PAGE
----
Even on HK, in amongst all the swearing and shouting - every so often you will see Gordon tell someone they have done a good job.

I think anyone who does well despite a very tough start in life, is worthy of recognition (if not respect).

(Oh and thanks for not slaughtering me!)
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Old 07-17-2013, 06:32 AM   #18
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Hey guys so I could really use some personal advice / first hand stories to help me hit the ground running. I have never worked in a kitchen besides a deli for 2 weeks. I am currently 23, I went to school for criminal justice, and currently I have been a graduate for close to a year now. I have bounced from random job to random job in that time. The one thing that has remained constant and if anything grown a stronger passion within me is food and cooking.

I've been telling myself for weeks now that I will go in and talk to some chefs. For some reason I have been hesitant to go into kitchens and apply. For whatever subconscious reason I just haven't done it yet. Does anyone have a suggestion on how I should approach this? Plus I don't know how the application process works, do I cook to show them if I can start as a line cook if I have no experience. Or just start as a dishwasher.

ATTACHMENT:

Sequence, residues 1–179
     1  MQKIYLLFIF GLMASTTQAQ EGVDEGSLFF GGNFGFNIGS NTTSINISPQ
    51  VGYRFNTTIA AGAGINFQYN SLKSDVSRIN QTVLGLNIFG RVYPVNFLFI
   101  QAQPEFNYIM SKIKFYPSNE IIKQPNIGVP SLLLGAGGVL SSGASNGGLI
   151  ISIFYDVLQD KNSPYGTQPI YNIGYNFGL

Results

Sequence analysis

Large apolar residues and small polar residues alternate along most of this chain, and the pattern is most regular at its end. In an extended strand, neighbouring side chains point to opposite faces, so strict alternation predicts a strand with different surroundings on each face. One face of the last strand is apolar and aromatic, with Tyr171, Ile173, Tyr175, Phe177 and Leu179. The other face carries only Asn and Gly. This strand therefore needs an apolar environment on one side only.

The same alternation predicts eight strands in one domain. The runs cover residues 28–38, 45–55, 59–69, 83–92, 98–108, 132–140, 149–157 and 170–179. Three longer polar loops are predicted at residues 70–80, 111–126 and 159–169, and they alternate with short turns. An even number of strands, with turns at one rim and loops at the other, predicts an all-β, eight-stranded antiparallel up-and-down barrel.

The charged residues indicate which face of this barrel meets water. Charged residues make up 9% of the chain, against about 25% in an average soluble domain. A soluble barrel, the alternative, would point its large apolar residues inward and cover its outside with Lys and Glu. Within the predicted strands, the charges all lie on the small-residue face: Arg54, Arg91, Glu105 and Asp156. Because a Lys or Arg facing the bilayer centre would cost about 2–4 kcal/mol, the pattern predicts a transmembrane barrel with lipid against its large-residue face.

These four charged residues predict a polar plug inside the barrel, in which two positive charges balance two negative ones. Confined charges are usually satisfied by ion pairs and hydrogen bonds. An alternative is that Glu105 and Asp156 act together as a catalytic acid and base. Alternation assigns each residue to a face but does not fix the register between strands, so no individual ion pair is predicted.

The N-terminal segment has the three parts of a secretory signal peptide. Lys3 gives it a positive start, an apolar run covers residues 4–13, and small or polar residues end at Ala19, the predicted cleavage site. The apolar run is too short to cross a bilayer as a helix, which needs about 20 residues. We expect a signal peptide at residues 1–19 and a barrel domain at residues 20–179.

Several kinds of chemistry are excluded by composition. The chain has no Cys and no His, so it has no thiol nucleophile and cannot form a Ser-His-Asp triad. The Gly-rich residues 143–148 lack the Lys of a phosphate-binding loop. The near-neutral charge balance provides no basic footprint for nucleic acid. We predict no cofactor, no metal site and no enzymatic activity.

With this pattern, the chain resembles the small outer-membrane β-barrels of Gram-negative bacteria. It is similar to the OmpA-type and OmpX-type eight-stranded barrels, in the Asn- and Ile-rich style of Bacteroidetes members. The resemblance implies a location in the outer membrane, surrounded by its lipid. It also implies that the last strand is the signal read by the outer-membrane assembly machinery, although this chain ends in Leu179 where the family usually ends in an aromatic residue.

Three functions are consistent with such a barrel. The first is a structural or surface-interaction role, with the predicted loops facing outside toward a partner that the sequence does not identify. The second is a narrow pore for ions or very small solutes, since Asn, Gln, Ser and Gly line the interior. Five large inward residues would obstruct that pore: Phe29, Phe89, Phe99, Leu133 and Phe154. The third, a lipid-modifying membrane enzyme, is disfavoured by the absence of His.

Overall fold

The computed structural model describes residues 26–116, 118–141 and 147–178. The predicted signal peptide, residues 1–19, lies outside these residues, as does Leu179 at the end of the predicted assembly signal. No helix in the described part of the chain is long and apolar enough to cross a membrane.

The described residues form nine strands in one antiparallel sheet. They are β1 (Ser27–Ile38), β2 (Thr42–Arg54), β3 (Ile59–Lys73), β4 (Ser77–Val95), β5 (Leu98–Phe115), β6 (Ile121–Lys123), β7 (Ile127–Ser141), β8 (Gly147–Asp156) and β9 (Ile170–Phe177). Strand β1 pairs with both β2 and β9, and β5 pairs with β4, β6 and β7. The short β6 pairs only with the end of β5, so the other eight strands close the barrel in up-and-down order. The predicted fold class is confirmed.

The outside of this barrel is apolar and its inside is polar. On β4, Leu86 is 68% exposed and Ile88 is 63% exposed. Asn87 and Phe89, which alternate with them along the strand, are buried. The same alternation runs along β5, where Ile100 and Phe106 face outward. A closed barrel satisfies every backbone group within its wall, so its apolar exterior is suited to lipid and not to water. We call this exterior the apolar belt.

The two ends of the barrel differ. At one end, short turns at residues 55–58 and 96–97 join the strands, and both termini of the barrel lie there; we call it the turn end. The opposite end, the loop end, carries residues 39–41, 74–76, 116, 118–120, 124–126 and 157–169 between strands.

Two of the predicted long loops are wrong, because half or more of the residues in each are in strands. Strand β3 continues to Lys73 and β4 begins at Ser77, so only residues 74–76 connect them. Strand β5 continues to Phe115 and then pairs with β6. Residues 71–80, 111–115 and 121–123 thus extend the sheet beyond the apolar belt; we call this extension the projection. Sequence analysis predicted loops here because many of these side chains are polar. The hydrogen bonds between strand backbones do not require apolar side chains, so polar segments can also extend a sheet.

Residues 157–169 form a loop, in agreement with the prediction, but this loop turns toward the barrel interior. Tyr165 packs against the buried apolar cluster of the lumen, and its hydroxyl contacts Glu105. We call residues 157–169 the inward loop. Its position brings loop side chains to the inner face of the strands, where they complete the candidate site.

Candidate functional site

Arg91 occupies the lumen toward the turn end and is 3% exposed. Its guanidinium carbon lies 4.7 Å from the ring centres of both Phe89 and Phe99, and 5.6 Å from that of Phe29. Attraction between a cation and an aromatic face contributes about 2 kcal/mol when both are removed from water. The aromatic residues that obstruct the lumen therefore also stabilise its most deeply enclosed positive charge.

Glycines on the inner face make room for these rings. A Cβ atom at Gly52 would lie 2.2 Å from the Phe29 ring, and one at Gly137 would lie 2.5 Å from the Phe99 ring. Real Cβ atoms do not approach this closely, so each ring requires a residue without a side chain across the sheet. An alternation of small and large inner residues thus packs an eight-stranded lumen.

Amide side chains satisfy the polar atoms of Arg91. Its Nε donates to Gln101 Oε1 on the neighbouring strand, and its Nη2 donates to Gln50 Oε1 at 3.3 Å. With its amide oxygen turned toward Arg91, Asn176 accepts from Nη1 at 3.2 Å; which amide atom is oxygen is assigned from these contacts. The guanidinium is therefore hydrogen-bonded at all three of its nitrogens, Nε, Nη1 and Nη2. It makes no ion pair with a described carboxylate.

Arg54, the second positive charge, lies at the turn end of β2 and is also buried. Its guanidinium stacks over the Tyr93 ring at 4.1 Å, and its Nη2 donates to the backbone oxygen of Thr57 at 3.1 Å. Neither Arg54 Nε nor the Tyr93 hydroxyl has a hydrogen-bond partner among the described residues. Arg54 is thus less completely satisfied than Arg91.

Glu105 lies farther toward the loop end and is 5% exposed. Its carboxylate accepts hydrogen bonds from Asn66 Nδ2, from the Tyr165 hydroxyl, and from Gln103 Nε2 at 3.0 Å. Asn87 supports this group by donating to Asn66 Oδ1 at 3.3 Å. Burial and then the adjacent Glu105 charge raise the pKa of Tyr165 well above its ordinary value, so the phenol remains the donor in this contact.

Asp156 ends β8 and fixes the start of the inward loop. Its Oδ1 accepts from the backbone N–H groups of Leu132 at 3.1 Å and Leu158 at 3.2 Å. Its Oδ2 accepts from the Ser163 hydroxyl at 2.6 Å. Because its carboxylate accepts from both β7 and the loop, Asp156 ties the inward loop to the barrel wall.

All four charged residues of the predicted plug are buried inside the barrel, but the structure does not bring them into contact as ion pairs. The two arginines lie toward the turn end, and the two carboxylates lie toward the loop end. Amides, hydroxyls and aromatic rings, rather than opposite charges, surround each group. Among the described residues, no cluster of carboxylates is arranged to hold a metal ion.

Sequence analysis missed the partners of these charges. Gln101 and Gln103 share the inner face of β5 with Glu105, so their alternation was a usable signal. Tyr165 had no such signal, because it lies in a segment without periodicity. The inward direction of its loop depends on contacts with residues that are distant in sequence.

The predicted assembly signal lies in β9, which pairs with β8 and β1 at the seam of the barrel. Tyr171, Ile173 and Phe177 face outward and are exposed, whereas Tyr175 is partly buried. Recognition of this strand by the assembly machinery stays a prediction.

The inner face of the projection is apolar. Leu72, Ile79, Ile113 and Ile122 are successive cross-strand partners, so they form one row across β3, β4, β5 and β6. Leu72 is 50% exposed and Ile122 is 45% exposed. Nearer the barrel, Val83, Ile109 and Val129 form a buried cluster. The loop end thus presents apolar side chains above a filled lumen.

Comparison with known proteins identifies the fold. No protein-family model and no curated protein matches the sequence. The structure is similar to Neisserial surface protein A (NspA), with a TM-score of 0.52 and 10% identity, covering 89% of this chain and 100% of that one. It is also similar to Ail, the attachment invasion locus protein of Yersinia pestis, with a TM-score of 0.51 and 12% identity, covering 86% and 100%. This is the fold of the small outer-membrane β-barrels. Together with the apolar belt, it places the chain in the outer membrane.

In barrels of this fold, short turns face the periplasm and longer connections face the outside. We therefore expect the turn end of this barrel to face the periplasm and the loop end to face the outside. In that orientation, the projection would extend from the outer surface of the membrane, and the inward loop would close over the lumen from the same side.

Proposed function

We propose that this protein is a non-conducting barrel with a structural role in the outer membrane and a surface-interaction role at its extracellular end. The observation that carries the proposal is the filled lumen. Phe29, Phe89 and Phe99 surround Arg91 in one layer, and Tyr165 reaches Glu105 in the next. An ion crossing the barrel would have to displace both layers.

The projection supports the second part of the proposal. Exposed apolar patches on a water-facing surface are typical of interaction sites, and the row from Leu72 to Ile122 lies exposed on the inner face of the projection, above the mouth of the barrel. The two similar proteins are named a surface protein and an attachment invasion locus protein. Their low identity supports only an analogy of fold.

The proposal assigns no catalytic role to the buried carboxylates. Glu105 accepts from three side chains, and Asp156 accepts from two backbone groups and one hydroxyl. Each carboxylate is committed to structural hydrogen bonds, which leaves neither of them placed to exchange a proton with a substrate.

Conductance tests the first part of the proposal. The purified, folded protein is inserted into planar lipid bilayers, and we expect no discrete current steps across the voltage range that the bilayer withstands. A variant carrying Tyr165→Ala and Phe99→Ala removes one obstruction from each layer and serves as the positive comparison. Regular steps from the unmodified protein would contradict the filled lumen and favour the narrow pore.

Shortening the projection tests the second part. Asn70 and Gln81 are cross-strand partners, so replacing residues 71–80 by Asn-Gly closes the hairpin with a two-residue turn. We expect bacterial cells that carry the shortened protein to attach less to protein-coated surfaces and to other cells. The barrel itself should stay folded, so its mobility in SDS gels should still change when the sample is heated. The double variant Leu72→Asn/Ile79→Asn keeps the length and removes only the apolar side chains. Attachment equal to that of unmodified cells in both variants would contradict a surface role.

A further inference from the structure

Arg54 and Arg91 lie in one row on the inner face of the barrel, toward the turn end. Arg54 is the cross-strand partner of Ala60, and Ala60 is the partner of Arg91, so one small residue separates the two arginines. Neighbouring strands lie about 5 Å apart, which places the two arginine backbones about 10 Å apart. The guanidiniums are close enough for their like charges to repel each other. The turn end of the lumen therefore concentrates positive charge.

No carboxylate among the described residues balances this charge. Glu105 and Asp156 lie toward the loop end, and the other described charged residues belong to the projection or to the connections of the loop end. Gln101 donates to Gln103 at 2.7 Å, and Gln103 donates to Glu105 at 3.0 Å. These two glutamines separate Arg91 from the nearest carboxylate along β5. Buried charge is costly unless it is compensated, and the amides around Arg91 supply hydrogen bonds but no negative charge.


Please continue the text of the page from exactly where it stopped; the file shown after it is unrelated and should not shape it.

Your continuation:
I'd also like to ask you guys for suggestions on books to get that I could read to substitute for going to culinary school. I just ordered "The Professional Chef CIA" because of some members on this forum.

So to sum up everything I'm a little terrified of this new beginning, but I think I have some real talent that just needs the right chef to hone my skills and give me the knowledge needed to develop as a cook.
Well, as someone who's spent most of his life working as a chef this is a topic I'm not sure how to tackle. Guess I'll just start from the start- it's not hard to get a job in a restaurant. In fact, it's one of the easiest jobs to get! A pretty good percentage of cooks work in the kitchen because they have too many facial tatoos or to long a criminal record to do anything else! Now, getting into a really good kitchen is harder. You will need some experience for that.

You can start out as dishwasher. But be advised, you're looking at minimum wage. How does that sound to you as a college grad? Not easy to pay off student loans on that pay. You can almost certainly work your way up the ladder. To be honest, many executive chef's began their careers in the dish pit.